(b) The first respondent as the then Regent of Kelantan carried out the functions as the acting Ruler due to the petitioner’s present incapacitation;
(c) The first respondent as His Royal Highness carries out numerous royal functions similar to that of the Sultan of Kelantan had His Royal Highness the Sultan of Kelantan not been incapacitated.
(d) Only one person may exercise the powers of “His Royal Highness” at any one time. Due to the incapacitation of the petitioner and the existence of a Regency, such a power can only be exercised by the first respondent as the Regent of Kelantan at the material time.
(e) There is no express provision within the Laws of the Constitution of Kelantan or in law which supports the petitioner’s contention that the fact that the first respondent was appointed by the Council of Succession is of a lesser effect than had the first respondent been appointed Regent of Kelantan by the Sultan of Kelantan.
(f) Pursuant to Article VII Second Part of the Laws of the Constitution of Kelantan, the first respondent as His Royal Highness acting in his discretion has the right and authority to revoke the appointment of, or dismiss and discharge any members of, the Council of Succession.
(g) The petitioner has no jurisdiction to refer a question of law pursuant to Article LXIII (2) First Part of the Laws of the Constitution of Kelantan pending the existence of a Regency due to the incapacitation of the petitioner.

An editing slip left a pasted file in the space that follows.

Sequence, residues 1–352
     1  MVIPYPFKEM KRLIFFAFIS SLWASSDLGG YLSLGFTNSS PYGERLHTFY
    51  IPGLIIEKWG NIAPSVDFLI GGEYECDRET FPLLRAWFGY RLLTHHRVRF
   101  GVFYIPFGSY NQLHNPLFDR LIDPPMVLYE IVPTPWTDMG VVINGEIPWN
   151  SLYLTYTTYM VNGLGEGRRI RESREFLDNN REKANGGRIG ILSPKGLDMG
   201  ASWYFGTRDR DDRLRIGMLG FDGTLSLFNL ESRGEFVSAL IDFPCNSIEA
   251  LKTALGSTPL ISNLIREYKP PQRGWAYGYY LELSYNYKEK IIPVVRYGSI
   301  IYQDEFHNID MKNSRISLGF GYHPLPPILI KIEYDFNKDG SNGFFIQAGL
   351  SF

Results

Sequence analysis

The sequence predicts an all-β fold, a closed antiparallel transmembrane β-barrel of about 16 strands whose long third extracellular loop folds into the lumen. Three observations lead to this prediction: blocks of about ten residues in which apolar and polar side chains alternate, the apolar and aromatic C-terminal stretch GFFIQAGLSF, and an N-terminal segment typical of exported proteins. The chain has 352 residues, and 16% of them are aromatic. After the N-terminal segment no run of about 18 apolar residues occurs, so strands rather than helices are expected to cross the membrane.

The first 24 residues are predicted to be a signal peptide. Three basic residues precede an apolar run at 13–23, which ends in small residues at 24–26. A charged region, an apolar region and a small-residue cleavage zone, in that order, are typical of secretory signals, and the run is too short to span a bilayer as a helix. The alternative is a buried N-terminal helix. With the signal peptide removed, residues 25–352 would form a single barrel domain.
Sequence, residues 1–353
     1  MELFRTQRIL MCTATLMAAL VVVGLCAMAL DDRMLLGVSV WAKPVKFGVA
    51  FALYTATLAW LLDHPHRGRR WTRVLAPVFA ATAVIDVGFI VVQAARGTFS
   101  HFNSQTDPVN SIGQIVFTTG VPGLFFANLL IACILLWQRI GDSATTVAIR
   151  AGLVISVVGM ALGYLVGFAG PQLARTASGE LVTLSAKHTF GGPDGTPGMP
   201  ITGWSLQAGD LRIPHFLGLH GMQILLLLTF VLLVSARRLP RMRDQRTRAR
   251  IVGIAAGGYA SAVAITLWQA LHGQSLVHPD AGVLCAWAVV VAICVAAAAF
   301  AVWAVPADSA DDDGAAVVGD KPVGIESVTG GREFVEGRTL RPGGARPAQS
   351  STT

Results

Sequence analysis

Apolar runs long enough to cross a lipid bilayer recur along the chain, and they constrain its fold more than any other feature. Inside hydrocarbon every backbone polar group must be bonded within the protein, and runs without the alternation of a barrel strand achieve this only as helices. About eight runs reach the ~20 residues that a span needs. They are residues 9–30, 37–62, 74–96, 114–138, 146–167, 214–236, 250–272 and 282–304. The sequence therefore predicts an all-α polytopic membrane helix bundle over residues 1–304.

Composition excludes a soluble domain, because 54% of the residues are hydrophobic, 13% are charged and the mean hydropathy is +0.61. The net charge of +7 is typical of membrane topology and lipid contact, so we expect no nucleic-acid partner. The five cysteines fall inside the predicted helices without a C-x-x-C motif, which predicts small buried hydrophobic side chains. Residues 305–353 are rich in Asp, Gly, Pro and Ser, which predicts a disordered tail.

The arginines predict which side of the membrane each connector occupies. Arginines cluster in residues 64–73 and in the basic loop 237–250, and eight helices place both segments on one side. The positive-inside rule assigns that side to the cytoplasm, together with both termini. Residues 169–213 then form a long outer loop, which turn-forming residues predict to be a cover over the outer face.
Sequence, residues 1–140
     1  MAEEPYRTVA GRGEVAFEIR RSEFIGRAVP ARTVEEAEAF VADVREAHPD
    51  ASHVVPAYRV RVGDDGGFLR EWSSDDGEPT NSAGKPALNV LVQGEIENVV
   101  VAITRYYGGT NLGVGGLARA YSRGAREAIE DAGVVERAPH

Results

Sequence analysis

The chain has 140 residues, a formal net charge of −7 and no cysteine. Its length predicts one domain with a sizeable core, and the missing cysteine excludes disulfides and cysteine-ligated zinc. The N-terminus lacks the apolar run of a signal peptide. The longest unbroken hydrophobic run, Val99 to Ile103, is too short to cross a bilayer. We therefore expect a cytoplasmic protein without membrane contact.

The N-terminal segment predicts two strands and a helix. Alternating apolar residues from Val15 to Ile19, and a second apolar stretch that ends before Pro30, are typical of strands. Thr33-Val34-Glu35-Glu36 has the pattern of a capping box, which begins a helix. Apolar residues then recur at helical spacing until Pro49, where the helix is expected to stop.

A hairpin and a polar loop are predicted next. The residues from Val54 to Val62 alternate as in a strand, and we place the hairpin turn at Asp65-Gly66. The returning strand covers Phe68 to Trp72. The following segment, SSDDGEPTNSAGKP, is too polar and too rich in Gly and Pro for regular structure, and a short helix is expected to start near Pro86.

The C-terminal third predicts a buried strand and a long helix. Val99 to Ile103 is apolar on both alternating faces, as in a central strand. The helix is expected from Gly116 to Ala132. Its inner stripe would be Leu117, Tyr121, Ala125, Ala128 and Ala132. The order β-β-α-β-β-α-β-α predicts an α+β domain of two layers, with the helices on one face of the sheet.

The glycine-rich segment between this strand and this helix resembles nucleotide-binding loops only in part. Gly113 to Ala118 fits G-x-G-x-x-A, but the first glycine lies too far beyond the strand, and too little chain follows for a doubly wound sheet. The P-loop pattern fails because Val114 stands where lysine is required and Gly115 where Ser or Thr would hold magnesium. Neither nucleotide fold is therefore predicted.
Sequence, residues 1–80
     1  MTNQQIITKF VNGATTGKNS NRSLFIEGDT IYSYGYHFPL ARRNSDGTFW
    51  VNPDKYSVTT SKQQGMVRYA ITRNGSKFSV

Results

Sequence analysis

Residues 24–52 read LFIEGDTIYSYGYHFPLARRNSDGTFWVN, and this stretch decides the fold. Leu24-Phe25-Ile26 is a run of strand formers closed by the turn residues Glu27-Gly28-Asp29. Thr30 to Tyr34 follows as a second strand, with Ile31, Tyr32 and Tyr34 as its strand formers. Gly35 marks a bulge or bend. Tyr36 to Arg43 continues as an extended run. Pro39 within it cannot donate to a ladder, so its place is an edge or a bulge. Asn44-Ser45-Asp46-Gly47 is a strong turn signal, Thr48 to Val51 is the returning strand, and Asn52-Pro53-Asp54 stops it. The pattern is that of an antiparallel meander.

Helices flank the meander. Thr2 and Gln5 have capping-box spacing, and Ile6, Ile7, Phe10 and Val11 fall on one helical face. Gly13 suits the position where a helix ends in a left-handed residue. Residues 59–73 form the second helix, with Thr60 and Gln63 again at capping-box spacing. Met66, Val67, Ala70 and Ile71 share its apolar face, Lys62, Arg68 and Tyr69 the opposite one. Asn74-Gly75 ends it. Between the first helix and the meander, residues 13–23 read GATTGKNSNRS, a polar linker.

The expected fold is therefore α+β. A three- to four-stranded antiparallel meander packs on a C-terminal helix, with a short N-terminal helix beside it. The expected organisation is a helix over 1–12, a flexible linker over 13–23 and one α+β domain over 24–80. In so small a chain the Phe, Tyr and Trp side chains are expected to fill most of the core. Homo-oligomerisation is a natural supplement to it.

Contention of the Petitioner

12. Learned Counsel for the petitioner, Encik Azhar Bin Azizan @ Harun, in reply to the first respondent’s jurisdictional objection relied inter alia on the grounds which can be summarized as follows:
(a) Notwithstanding the Council of Succession’s appointment of the first respondent as Regent on 24.5.2009, the petitioner is still the Sultan, Sovereign and Ruler of the State of Kelantan.
(b) The first respondent as the Regent cannot exist on his own or in vacuum. He exists because the Sultan is incapacitated. Just because the Sultan is incapacitated it does not mean that the petitioner is not in a position to ask the Federal Court for its opinion on the questions framed.
(c) The first respondent as the Regent does not take over exclusively the role of the Sultan. The Regent being a caretaker ruler can only perform those duties which a Sultan is required by the Laws of the Constitution of Kelantan to perform but which he cannot do because of his incapacitation. The petitioner as the Sultan does not surrender all his powers to the Regent.
(d) The first respondent as the Regent is not conferred the full powers of the Sultan whilst acting as Regent. The Regent is not a Sultan, Sovereign or Ruler. The Regent is only to have the right to exercise the powers which are necessary to attend to the affairs of the State.
(e) The definition of “His Royal Highness” in Article IV First Part of the Laws of the Constitution of Kelantan to include the Regent is subject to an important rider, that is the Regent can only fall within the definition of “His Royal Highness” “where the context admits”. The phrase “His Royal Highness” does not necessarily refer to the Regent under the relevant provisions of the Laws of the Constitution of Kelantan. The phrase “His Royal Highness” will always refer to the Sultan.

Decision